CINCINNATI -- Hamilton County voters aren’t as eager to turn in their ballots so far this presidential election year.
With two weeks to go before Election Day, early voting is lower than it has been in the last two presidential election cycles.
“We’re a little down,” said Hamilton County Board of Elections director Sherry Poland. “We look at numbers too and wonder, What does this mean?”
As of Tuesday morning, 37,644 people had voted early in Hamilton County – which is 17,949 fewer ballots than were cast at this point in the 2012 election.
And fewer people have requested absentee ballots so far – 6,000 fewer ballots this year than in 2012, and 1,600 fewer than 2008, according to Hamilton County elections data.
The lower turnout number could suggest that voters are still deciding how – or if at all – they want to vote, said Chip Gerhardt, president of Cincinnati-based Government Strategies Group and a member of the Hamilton County Board of Elections.
“A lot of people who would traditionally vote for the Republican or Democrat are less sure this time,” Gerhardt said. “It causes the person to stop and think a little longer: Do I really not vote? Do I really want to cross party lines? Do I really want to pick a third-party candidate?”
Still, Gerhardt doesn’t expect early voting numbers indicate that people won’t flock to the polls on Election Day.
Voters are passionate about this election, Gerhardt said, but just not in the same way he’s seen in past years. This year, many voters are inspired to vote a certain way because they dislike one of the candidates at the top of the ticket. He expects roughly 70 to 75 percent of registered voters to turn out by Nov. 8.
“More people on both sides are angry,” Gerhardt added. “That’s the dynamic in this election that I see that’s different from those in the past.”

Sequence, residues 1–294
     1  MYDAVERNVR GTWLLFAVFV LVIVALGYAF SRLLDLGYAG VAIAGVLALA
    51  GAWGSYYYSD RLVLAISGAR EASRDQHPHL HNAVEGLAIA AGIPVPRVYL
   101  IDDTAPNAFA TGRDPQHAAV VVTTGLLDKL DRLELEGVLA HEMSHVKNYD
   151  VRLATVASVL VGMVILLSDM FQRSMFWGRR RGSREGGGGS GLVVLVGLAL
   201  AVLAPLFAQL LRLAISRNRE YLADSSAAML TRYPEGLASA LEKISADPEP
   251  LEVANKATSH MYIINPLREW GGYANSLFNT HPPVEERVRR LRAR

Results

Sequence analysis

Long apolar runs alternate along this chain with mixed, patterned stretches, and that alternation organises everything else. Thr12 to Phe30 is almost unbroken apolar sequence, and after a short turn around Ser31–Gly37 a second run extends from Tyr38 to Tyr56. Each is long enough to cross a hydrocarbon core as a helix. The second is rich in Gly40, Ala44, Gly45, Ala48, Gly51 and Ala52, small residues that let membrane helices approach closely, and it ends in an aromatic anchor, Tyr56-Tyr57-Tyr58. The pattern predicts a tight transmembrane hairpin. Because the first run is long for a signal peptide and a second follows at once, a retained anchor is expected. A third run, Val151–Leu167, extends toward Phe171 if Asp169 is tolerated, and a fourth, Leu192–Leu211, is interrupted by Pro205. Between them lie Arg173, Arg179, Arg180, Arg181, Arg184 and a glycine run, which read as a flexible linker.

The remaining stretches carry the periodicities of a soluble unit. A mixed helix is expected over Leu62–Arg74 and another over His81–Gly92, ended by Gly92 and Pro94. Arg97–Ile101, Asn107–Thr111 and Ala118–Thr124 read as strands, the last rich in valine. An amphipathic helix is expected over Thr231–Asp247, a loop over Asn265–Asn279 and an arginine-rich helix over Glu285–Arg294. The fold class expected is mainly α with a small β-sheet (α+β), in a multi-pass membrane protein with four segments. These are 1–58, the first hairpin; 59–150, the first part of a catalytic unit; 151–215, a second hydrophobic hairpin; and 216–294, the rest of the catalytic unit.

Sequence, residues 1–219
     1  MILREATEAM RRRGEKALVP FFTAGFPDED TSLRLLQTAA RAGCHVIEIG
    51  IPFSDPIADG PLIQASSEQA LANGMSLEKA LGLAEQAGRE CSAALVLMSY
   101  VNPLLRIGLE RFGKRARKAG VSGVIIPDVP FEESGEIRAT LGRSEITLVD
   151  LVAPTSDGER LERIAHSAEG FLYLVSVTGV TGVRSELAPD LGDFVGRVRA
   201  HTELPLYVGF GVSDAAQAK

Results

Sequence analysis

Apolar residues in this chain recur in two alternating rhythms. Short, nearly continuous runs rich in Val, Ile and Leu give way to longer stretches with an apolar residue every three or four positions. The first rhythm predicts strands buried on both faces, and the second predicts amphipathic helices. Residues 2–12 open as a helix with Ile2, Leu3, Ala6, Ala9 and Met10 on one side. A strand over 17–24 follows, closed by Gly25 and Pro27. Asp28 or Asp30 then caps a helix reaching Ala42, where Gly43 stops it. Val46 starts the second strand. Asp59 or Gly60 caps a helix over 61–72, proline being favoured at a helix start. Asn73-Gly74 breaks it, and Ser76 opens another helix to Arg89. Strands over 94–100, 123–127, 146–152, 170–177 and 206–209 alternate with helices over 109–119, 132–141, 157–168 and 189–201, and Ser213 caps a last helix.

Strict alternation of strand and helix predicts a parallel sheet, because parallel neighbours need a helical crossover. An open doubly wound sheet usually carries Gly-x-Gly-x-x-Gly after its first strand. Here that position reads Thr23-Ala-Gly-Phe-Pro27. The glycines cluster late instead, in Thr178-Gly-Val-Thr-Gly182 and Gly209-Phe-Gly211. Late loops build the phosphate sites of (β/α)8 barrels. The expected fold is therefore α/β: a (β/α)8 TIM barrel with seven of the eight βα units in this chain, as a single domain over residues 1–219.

Statewide early and absentee voting is down, too. As of Monday, roughly 344,000 votes had been cast.
Flashback four years ago and 800,000 Ohioans had sent in a ballot or early voted at the same point in 2012.
Early voting started a week later this year, but other factors could be keeping some from casting ballots.
Jared Kamrass, a Democratic strategist, believes Republican presidential hopeful Donald Trump’s accusations of a rigged election are actually backfiring and dampening voter turnout from his own supporters.
“Either the Trump supporters will say, ‘The game is rigged, why even participate?' … or the mainstream Republicans will say, ‘I don’t feel comfortable voting for him,’” said Kamrass, a principal at Cincinnati political consulting firm Rivertown Strategies. “I think both will have an effect on turnout, and I think we’re seeing a little of that here.”
Republicans aren’t staying home in GOP stronghold Butler County, Trump needs to have historic voter turnout if he has a shot of winning Ohio.
The county is bucking the statewide trend: Absentee voting is up 9 percent over the same period during the 2012 presidential election and up 21 percent from 2008, according to Tuesday’s data.
In-person early voting is also 3 percent higher so far in Butler County from the same point in 2012 – this despite having early voting open eight days later in 2016.
“This pattern reflects the increased popularity of early voting,” said Butler County elections deputy director Jocelyn Bucaro. “Given the increase in overall absentee voting and early voting in particular, we continue to anticipate record turnout in November.”
Kamrass expects to see a big return in absentee ballots next week and he’ll be watching the results closely in the coming days.
“The raw numbers are down, but not substantially,” Kamrass said. “It’s hard to draw any real conclusion about voter enthusiasm away from this.”